[Gllug] HackerSpace

general_email at technicalbloke.com general_email at technicalbloke.com
Thu Dec 10 22:09:17 UTC 2009

Andrew Back wrote:
> On (11:06 10/12/09), general_email at technicalbloke.com wrote:
> <<SNIP>>
>> Having seen hackspaces in both London (non-commercial style) and New
>> York (commercial style) I really don't think the former even begin to
>> compare. The London hackspace was a room in a cold squat with about 20
>> junk computers, some perpetually unfulfilled plans and very little else,
>> the one in NY (NYC resistor) is a beautiful vibrant space with a huge
>> array of cool tools, events and visiting teachers, speakers and classes.
>> Sadly there weren't that many free classes and events but at the end of
>> the day stuff costs money and doesn't tend to happen without it. I don't
>> think it's sustainable to try and build a hackerspace without
>> subscriptions and fees. The main point point of such places is to get
>> access to space and tools that most individuals can't afford
>> individually but can collectively, concessions can always be offered to
>> the unwaged / disadvantaged.
> I strongly disagree. In Glasgow we built the Electron Club hackspace with
> nothing other than donations of equipment and the odd very small cash
> donation. E.g. a few of us chipped in a few quid each to register a domain
> and a few quid more later on to buy wood to build proper shelving. All the
> equipment was donated, and more recently there were various fundraising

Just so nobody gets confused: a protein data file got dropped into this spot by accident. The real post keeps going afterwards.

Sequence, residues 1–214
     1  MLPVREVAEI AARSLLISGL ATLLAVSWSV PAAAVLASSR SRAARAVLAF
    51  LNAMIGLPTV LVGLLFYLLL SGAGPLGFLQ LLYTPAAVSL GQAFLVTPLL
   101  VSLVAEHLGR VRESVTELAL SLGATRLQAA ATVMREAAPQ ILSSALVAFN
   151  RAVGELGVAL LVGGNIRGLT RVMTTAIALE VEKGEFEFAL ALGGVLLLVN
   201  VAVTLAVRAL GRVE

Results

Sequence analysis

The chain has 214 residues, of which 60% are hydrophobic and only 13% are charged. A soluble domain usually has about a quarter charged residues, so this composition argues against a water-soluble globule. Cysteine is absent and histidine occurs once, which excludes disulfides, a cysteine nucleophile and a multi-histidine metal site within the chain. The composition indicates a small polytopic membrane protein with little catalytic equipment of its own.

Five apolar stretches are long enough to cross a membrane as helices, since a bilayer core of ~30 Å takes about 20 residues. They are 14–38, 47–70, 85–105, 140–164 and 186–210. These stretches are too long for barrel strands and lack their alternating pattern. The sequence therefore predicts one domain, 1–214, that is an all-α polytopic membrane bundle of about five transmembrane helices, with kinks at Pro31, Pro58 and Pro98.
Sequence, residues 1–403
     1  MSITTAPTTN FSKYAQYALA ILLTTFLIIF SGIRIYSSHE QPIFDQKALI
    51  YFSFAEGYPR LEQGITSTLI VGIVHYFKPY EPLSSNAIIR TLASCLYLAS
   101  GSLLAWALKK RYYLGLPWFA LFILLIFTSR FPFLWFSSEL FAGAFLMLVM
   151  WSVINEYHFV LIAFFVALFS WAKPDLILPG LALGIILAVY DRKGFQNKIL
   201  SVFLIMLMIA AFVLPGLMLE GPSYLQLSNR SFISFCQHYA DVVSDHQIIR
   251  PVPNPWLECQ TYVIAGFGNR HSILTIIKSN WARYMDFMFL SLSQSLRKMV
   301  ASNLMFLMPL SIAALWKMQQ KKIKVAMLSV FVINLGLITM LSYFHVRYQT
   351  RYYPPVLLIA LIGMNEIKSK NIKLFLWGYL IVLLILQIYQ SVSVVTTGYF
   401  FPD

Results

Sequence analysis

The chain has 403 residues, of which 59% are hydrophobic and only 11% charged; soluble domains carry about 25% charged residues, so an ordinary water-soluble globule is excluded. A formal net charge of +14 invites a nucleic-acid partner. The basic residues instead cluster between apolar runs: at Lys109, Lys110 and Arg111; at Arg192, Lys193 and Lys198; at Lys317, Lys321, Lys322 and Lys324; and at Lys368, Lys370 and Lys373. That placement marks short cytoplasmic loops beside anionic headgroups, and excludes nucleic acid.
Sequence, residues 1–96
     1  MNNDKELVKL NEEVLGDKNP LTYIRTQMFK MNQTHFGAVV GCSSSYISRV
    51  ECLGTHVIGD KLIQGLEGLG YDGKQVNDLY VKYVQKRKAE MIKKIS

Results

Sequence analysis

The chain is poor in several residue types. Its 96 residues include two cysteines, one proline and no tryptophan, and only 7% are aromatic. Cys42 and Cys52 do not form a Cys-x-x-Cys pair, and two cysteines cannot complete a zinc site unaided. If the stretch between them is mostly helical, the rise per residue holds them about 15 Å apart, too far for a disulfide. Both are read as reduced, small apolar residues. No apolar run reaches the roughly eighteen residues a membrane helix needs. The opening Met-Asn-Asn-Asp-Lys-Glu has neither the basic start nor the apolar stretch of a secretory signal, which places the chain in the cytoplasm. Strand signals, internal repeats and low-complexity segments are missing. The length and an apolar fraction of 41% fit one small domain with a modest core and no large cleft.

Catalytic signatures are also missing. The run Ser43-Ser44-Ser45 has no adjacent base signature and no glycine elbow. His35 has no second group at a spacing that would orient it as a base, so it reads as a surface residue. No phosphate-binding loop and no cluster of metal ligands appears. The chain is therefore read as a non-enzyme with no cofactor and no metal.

> initiatives to secure the space its own private ADSL line (rather than
> sharing the CCAs).
> Granted, the Centre for Contemporary Arts provides the space rent free, but
> there will be similar opportunities elsewhere. At the start I was sceptical
> of the idea that this could all be done without membership fees and such,
> but through perseverance it worked out, proved sustainable and it has little
> in common with the dystopian non-commercial hackspace vision you described:
> http://www.flickr.com/photos/carrierdetect/sets/72157602590274510/
> http://www.electronclub.org
> Not everyone can afford membership fees and even when people can it may sway
> them the other way if they are unsure it is for them. I'm not against
> commercial hackspaces, but to suggest non-commercial ones will be extremely
> poor by comparison is nonsense. Furthermore, once cash comes into the
> equation it suddenly implies a whole structure for managing spend, official
> roles and so on. If you can live without this and exist with little more
> than a clear mission/purpose and basic rules it means you can focus your
> efforts on the fun stuff whilst being as inclusive as possible.
> Cheers,
> Andrew

Agreed, with some funding from somewhere you might get a decent place
going but then, chances are, you'll make yourself dependent on funding
which can be pretty ethereal at the best of times, let alone on the
brink of a Tory administration! I think contributing cash, even if it's
a token amount really increase peoples engagement and sense of ownership
of the project. As I said there's no reason there couldn't be
concessions and from what I recall you could pay your dues at NYCR by
contributing time and or equipment rather than just plain cash.

Also, I didn't mean to suggest a less commercial endeavour would always
be 'extremely poor', those are just my experiences to date. I still
think you'd struggle to build a space as dynamic and vital as NYCR on
charity funding alone though. Not to disrespect yours or their efforts
(it looks a lot better than anything I've seen in the UK date) but the
electronclub.org front page was last updated 6 months ago, the
nycresistor.com one - 5 days ago. Of course one should be careful with
the conclusion one draws from such tiny sample sets, maybe I'm wrong. I
hope so as I'd like a good London hackspace and I don't have a very high
disposable income right now :)


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